On the definition of "official"
The question posed in the title "What is an “official” supplement in the context of D&D 3.5?" does not have an answer, as far as I can tell. The word "official" is not defined in any D&D supplement to my knowledge.
But there are a few possible interpretations of the word, thanks to Wizards of the Coast's publishing scheme.
The Core Rulebooks
The core rulebooks (the Player's Handbook, Monster Manual and Dungeon Master's Guide) form the basis of D&D 3.5. This is defined on page 4 of the Dungeon Master's Guide, making it a self-defined system.
The above + content produced by Wizards of the Coast that explicitly declares itself as official
Some content produced by Wizards of the Coast, such as the Errata Files specifically call themselves official.
The above + other content produced by Wizards of the Coast
If we accept that Wizards of the Coast is an authoritative figure on D&D 3.5, its products, when marked with their own logo and published under their name, will be official content.
The above + licensed content by Wizards of the Coast
This is in accordance with a dictionary definition of the word "official", specifically "appointed or authorized to act in a designated capacity". Notably, this includes Dragon Magazine, when published by Paizo. Observe that at least the Dragon Magazines I have declare themselves as "100% official Dungeons & Dragons® content" on the cover, with no objections that I know of from Wizards of the Coast.
This, including the above categories, is what I consider a reasonable interpretation of the word "official".
The above + other content
There is a myriad of material produced using d20/OGL content based on the 3.5 system, such as the Rokugan campaign setting. These are published without Wizards of the Coast's involvement, and do not carry the "Dungeons and Dragons" logo. I can not find a way to define this as official.
On the categories of material you presented
The core rulesbooks
Must be official, as described above.
The main splatbooks and material from setting-specific sources
Are indistinguishable from a publishing point of view, assuming they come from Wizards of the Coast (note: some aren't affiliated with WotC at all, and would fall into "other content" described above). I can not find a way to call one official and not another - the licensing and legal language found on each one's first page is more or less identical.
Note that not all of these products are necessarily compatible with one another, or meant to be used together in a game. That's a separate issue that does not make any of them a less official D&D 3.5 product.
Material from Dragon Magazine
As I outlined above, Paizo had an official licence from WotC to produce Dragon Magazine. It self-declares as Official D&D Content, without complaint by the trademark holder. I find it reasonable to call it official. Whether it's a good idea to use it in a game is again a separate issue.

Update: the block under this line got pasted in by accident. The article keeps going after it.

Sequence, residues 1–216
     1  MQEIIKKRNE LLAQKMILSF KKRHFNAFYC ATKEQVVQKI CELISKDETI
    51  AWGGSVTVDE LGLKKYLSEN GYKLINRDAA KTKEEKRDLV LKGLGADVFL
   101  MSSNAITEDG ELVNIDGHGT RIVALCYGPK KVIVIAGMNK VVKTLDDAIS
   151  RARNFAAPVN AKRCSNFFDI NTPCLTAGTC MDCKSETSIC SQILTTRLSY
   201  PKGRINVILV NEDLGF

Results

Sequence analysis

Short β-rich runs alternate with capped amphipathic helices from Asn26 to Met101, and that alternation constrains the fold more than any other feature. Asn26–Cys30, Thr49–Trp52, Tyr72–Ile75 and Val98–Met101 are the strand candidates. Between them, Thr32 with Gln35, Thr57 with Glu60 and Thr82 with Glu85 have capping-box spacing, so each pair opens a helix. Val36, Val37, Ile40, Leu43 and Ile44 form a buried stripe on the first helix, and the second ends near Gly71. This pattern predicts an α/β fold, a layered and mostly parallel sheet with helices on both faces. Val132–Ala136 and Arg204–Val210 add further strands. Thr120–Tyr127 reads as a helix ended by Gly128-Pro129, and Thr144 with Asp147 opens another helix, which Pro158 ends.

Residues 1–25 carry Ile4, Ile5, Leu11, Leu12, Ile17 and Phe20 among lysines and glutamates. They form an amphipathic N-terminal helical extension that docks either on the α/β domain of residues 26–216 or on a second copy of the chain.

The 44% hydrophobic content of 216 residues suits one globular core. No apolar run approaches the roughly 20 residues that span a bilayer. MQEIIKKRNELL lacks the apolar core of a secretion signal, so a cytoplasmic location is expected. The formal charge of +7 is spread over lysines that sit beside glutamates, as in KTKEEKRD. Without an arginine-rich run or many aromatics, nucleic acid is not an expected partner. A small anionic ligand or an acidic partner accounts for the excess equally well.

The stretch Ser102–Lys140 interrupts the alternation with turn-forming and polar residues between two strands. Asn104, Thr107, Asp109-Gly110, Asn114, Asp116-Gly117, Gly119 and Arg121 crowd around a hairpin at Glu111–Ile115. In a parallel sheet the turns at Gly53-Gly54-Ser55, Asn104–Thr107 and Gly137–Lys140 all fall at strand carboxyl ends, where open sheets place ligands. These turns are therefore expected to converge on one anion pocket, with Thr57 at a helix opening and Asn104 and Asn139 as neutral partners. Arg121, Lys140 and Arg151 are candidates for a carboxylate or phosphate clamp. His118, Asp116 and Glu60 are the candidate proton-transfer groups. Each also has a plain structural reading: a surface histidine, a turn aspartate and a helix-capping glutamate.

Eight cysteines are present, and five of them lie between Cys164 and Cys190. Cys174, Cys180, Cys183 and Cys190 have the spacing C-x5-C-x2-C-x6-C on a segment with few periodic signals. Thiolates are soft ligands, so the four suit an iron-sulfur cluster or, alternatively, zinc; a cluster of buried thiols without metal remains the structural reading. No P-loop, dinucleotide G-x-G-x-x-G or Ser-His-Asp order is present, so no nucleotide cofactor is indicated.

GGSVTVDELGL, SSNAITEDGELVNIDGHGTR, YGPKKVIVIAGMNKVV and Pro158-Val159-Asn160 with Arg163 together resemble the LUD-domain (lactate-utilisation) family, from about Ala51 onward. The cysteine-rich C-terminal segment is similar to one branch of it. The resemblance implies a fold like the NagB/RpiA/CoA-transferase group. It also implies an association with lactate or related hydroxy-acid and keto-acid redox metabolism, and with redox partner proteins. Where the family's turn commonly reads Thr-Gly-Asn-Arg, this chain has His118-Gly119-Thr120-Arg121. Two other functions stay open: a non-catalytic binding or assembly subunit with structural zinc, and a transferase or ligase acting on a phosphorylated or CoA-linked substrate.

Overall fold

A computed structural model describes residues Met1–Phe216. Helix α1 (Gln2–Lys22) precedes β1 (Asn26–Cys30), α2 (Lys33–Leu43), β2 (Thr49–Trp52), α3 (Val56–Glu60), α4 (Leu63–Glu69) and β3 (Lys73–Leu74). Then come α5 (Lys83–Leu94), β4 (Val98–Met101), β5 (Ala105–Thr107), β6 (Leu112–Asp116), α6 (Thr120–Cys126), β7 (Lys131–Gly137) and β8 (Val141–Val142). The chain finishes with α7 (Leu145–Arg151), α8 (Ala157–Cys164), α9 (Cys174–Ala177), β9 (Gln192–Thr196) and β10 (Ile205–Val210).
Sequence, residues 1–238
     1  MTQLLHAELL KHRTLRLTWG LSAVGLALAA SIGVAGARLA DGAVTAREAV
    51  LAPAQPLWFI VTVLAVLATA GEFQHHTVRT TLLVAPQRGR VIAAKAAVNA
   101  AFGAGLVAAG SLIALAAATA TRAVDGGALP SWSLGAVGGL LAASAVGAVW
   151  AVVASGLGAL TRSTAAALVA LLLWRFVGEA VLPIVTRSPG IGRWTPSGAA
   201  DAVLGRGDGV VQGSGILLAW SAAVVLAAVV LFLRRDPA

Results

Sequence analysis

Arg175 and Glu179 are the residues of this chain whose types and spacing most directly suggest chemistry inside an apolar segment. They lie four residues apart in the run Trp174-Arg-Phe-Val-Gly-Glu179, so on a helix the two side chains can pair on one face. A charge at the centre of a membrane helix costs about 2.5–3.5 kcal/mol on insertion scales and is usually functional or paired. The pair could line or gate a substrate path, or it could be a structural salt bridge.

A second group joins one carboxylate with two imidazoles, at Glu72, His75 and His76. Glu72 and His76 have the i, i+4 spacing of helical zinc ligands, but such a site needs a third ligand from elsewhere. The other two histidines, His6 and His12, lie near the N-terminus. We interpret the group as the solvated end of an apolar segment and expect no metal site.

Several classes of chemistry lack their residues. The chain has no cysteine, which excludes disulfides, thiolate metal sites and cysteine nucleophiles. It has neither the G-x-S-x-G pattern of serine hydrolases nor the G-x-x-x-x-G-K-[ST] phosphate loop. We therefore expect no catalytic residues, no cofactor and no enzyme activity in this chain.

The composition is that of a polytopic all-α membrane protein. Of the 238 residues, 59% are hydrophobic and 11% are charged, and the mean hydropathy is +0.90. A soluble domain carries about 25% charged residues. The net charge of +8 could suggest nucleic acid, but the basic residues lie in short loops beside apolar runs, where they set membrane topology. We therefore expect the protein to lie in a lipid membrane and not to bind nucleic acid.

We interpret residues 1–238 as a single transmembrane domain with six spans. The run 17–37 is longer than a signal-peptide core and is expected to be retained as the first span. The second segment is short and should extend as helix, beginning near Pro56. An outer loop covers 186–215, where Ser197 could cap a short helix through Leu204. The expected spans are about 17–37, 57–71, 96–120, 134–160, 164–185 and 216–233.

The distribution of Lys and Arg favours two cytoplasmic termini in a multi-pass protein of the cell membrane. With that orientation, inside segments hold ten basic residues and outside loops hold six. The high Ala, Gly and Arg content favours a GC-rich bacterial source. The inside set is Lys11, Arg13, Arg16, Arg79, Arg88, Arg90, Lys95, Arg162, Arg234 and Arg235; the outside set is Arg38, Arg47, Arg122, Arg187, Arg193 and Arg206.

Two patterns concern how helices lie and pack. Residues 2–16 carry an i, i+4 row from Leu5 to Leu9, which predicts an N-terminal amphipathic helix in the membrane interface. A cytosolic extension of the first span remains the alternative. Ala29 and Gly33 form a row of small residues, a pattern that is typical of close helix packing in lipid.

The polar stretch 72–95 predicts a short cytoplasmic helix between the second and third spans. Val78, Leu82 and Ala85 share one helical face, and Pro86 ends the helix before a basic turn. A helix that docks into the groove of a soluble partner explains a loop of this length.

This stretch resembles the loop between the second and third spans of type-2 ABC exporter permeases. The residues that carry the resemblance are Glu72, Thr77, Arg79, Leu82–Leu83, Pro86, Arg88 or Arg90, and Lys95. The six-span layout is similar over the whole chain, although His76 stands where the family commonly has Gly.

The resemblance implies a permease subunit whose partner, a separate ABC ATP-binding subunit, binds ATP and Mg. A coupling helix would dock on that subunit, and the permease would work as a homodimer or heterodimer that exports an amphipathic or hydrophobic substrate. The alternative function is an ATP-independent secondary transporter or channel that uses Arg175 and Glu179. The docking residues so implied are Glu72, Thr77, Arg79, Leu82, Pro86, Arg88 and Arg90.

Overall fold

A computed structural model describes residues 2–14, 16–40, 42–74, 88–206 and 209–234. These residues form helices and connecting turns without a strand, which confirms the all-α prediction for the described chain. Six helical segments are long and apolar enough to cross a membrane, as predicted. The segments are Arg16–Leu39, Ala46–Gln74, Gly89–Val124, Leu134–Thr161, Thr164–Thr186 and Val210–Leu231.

Web supplements are, of course, not conventionally published. I argue that they are still official D&D 3.5 material.
First, they are published on Wizard's of the Coast's website, which happens to carry a banner of "Dungeons & Dragons Roleplaying Game Official Home Page", which is a good indicator.
Second, and far more importantly, they are marked and published (as they are) with the Wizards of the Coast logo and under their name. Quoting the "More Divinity" web enhancement (the source of the Dweomerkeeper), it refers to itself as "This Wizards of the Coast game product". Despite not being printed, I find it hard to conclude that these supplements are not "official".
Note that online articles such as Skip Williams' "Rules of the Game" series do not fall under the second condition. Such articles are posted on the official website, but they are not signed and issued by WotC as an entity, just the author of each article.
Old material from 3.0
There is a certain amount of confusion regarding this. All I have been able to find on the interopability of 3.0 and 3.5 is the following clause from the 3.5 Dungeon Master's Guide
This is an upgrade of the d20 System, not a new edition
of the game. This revision is compatible with existing products, and these products can be used with the revision with only minor adjustments.
and the online update guide. I have not been able to find a source for the quotation that "anything not updated is automatically valid in 3.5" or similar. I believe it may be an overstated version of the actual DMG text.
The 3.0 products that are referred to are of course published by WotC, but their use in a 3.5 game seems contingent on "minor adjustment" by the DM.
The Living Greyhawk rules do not refer to such general terms as "official products". The last Living Greyhawk Sourcebook released for 3.5 contains an explicit list of sources that are "Open" for use in LG, see Appendix 4. It contains the whole Complete and Races series, and an assortment of other sources, including two Dragon Magazines.